A more specific `object of this invention is the provision of an improved can-ier system for use in aircraft to transport food and beverages from a galley or storage area to the passenger locations. i
These and other objects and features of the invention will be readily apparent to those skilled in the art from the following description of one presently preferred embodiment of ,the invention and the appended drawings thereof in which:
FIGURE 1 is a transverse vertical sectional view through a cabin of an aircraft showing a transport and delivery system according to the present invention mounted therein.
FIGURE 2 is a view partly in section and partly in elevation showing a carrier and its supporting carriage according to the presen-t invention, with the carrier in its delivery or loading position.
FIGURE 2a is a detailed sectional View of the vertical guiding and holding means for the `carrier mounting.
FIGUREQb is a horizontal sectional View on the l-ine 2b-2b of FIGURE 2a.
FIGURE 2c is a `detailed sectional view on the line 2c--2c of FIGURE 2, showing a tray latch.
FIGURE 3 is a View partly in side elevation and partly in longitudinal section, showing details of the trackway, the carriage and the carrier mounting.
FIGURE 3a lis a perspective View of the carrier and its mounting carriage with the carrier in a non-extended but lowered position.
FIGURE 4 is a fragmentary vertical sectional view through one of the trackways and a portion of the carriage along the line 4-4 of FIGURE 3, and showing a schematic wiring diagram for the electric motor control circuit.
FIGURE 5 is a partial vertical sectional view along the line Sf-S of FIGURE 3, and showing the position selecting, stopping element Ifor the system.
FIGURE `6i is .a detailed sectional View, on the line 6-6 of FIGURE 2, of the intelligence providing means.
FIGURE 7 is an end elevational View of the intelli- 3 gence means taken in the direction of the arrow 7 in FIG- URE 6.
FIGURE 8 is a transverse vertical sectional view through the carrier with the bottom pan open.
FIGURE 9 is a transverse vertical sectional view through the carrier showing the side panels swung inwardly and upwardly.
FIGURE 10 is a transverse vertical sectional view showing the fully collapsed position of the carrier with the top and bottom pans latched together and with the side panels `disposed therebetween.
FIGURE ll is a side elevational view showing the v collapsed position of the carrier.
FIGURE l2y is a detailed view of the hinge mounting the bottom pan of the carrier to the side panel.
FIGURE 13 is a detailed sectional View of a corner of the carrier taken on the line 113-13 of FIGURE 8.
FIGURE 14 is a partial elevational view taken in the direction of the arrow 14 of FIGURE 13.
F[ille adaptation of the carrier system of the present invention to service on aircraft is shown in the transverse vertical sectional view of FIGURE 1 taken through they fjuselage 21 and showing a passager 22 seated in the foreground and being served a food tray 23 by a stewardess 24. Delivery or service is being made Ifrom' a carrier 25 shown in laterally extended and lowered position while mounted by a linkage mechanism 26 from a slide 27 supported on a carriage 28. The carriage 28 is dependingly supported by rollers 29 riding in trackways 31 supported adjacent to the ceiling panel 32 of the aircraft cabin. A second carrier 35 identical with the carrier 25 is shown in its upward, traveling position at the left hand upper portion of FIGURE 1. The construction and mounting for the carrier 35 is identical with that for the carrier 25, Iso only the latter will be specifically described herein. The carrier 35 may represent a newly filled one rwhichhas just been received at a dispensing location selected by the stewardess as hereinafter explained, and now ready to be moved laterally toward the aisle and lowered into dispensing position. When the carrier 25 has been emptied it will be' raised and slid under the carriage 28 in a position corresponding to that in which the carrier 35 is shown and thereafter the empty carrier will be dispatched back to the galley or storage area for refilling and return to another selected dispensing location. After returning the carrier 25 the stewardess will turn to the carrier 35 and serve therefrom, thus alternating the carriers in use, so that one may be in process of being lled at the galley while the other is being emptied at a passager location.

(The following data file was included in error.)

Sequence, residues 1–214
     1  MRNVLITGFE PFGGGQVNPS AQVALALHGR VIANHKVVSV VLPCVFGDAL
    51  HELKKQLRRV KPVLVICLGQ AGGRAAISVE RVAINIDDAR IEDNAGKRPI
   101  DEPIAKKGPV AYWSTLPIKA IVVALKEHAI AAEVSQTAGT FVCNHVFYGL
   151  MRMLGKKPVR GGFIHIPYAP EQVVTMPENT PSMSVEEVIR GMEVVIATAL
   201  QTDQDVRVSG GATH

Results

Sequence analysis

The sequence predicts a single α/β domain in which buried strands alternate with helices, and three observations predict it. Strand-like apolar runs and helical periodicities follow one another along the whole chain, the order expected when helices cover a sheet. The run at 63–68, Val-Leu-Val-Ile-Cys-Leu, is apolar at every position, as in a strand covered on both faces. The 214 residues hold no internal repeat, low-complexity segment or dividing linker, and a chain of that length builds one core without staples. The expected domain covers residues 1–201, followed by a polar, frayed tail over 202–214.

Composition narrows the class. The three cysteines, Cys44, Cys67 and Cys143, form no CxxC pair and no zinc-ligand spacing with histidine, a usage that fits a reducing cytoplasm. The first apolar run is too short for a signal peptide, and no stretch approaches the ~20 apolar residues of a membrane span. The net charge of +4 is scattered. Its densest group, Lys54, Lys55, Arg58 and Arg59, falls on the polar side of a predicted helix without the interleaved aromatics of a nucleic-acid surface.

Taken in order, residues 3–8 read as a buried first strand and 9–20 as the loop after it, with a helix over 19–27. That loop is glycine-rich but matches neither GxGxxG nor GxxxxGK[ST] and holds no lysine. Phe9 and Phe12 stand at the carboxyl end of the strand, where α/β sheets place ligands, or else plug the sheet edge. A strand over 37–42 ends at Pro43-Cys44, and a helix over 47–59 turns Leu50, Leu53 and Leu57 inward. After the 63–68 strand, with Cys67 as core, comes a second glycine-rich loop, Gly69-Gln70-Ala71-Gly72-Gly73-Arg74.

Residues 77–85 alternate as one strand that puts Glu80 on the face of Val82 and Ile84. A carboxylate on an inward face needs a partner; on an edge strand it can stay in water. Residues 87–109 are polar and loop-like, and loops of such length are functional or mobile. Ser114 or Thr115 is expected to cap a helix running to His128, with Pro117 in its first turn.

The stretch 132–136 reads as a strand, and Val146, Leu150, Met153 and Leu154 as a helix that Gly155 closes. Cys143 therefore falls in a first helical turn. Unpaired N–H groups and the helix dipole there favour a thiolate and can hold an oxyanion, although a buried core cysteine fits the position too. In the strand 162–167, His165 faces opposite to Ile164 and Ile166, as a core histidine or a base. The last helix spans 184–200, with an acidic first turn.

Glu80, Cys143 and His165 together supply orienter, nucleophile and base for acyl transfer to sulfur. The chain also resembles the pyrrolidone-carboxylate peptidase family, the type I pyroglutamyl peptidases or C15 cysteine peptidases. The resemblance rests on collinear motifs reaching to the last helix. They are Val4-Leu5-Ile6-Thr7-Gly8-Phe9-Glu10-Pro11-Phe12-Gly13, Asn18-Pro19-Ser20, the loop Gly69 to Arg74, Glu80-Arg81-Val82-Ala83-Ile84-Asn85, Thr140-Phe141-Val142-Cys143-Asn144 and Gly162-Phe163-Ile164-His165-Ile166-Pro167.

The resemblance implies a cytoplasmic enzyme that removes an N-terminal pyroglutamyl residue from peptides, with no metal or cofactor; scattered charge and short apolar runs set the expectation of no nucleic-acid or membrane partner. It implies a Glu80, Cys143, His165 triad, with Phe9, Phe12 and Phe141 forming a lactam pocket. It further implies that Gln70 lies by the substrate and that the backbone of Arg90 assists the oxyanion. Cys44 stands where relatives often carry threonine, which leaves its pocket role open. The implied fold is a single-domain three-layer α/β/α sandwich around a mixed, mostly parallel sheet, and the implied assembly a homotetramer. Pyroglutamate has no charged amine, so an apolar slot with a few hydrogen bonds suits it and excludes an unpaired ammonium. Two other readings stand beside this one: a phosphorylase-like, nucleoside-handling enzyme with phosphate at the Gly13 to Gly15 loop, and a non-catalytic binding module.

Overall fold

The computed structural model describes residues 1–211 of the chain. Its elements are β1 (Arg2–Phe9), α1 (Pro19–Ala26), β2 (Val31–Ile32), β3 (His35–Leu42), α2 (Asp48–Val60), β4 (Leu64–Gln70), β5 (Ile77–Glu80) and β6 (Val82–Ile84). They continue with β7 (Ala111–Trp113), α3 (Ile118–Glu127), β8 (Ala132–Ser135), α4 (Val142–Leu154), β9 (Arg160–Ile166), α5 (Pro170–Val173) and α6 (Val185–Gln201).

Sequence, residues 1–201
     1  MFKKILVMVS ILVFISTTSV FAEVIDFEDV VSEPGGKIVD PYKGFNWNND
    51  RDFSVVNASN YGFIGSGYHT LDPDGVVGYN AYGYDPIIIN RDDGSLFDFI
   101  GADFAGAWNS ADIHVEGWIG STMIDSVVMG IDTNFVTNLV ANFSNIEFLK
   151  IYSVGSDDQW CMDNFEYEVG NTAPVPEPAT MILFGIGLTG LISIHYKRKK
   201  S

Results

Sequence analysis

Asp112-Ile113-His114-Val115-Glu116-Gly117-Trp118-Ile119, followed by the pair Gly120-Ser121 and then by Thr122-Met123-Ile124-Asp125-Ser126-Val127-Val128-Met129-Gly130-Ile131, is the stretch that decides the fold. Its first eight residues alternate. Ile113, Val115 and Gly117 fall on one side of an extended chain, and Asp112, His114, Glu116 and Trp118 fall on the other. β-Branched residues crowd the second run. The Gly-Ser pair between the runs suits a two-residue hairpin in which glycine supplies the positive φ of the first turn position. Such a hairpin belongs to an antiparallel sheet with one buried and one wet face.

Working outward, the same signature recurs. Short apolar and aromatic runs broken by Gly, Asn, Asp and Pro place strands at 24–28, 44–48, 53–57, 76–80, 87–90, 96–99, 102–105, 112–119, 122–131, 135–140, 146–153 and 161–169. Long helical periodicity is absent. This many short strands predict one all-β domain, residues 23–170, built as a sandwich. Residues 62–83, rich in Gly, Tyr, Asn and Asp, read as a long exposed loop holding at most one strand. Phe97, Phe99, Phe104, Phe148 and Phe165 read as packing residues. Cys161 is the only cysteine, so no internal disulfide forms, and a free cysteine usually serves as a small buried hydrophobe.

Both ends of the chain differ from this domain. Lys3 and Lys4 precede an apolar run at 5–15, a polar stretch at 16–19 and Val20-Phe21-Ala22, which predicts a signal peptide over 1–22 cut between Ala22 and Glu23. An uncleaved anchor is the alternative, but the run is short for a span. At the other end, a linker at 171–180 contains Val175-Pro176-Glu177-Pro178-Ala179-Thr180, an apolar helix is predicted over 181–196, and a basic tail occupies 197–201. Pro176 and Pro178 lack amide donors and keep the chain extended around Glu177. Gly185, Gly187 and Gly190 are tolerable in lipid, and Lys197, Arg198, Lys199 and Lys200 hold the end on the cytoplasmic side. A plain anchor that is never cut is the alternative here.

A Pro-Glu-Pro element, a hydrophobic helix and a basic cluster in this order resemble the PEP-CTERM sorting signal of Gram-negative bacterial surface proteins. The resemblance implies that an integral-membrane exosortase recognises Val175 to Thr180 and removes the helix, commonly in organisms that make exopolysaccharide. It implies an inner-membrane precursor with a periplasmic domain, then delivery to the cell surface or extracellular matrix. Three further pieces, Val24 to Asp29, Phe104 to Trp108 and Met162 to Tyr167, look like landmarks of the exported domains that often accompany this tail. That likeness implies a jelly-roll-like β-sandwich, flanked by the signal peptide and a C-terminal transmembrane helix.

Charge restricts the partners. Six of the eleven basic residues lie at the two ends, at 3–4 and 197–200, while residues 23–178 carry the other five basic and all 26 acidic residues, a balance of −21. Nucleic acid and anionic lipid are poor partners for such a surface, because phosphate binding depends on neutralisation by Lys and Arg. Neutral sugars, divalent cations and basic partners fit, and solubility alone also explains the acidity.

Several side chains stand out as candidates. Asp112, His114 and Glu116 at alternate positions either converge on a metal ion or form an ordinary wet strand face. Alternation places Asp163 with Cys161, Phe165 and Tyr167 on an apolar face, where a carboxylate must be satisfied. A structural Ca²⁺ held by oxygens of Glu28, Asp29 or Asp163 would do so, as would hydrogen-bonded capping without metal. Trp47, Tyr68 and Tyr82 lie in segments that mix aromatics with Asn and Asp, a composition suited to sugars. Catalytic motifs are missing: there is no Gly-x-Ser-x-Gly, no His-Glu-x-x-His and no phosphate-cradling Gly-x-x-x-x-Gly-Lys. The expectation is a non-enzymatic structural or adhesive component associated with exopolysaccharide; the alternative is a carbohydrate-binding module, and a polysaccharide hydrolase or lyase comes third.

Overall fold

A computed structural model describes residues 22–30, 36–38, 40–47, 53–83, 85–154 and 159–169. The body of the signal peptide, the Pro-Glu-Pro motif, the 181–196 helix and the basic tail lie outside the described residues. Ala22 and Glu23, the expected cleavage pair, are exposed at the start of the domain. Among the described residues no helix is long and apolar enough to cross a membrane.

Referring more particularly to FIGURES 2 and 3, the carriage 28 is in the form of an open rectangle formed from a `C-shaped channel 36. To the upper surfaces-of the opposite ends Vof the carriage 28 are secured four supports 37, such as by brazing or welding. The trackways 31 are in the form of rectangular channels mounted adjacent to the ceiling panels 32 of the aircraft cabin by suitable supports 38, so that the trackways are in substantially horizontally spaced relation. The channels 31 are provided with longitudinal slots 39 in their bottom walls through which the supports 37 extend. Axles 41 extend through the supports 37 interiorly of the trackways 31 and upon the axles are mounted the supporting rollers 29 `which ride on the upper surfaces `412 of the bottom walls of the trackways 31 on opposite' sides of the slots 39.
At opposite ends of the carriage 28 are mounted the slide supports27, each including a stationary channel or bracket member 44 rigidly mounted on the end face of the carriage 28 and a movable slide member/45 supported in the channel 44 through the medium of bearing balls 46. To lock the slide 45 in its retracted and extended positions, the stationary channel 44 is provided with detent means 47 biased to enga-ge in suitable openings in the upper surface of the slide 45, in locking relation.